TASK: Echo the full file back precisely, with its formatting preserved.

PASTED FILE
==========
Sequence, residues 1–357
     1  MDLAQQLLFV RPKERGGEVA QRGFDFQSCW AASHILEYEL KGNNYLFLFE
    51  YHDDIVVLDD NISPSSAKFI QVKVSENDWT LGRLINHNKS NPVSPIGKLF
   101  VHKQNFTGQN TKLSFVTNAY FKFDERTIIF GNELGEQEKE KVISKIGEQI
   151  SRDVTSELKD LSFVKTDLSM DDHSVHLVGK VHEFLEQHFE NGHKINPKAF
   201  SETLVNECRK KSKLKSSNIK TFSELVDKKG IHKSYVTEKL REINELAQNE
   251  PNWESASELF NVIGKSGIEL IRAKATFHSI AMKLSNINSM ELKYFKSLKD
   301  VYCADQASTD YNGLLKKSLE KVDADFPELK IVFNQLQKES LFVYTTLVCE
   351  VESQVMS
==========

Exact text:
Sequence, residues 1–357
     1  MDLAQQLLFV RPKERGGEVA QRGFDFQSCW AASHILEYEL KGNNYLFLFE
    51  YHDDIVVLDD NISPSSAKFI QVKVSENDWT LGRLINHNKS NPVSPIGKLF
   101  VHKQNFTGQN TKLSFVTNAY FKFDERTIIF GNELGEQEKE KVISKIGEQI
   151  SRDVTSELKD LSFVKTDLSM DDHSVHLVGK VHEFLEQHFE NGHKINPKAF
   201  SETLVNECRK KSKLKSSNIK TFSELVDKKG IHKSYVTEKL REINELAQNE
   251  PNWESASELF NVIGKSGIEL IRAKATFHSI AMKLSNINSM ELKYFKSLKD
   301  VYCADQASTD YNGLLKKSLE KVDADFPELK IVFNQLQKES LFVYTTLVCE
   351  VESQVMS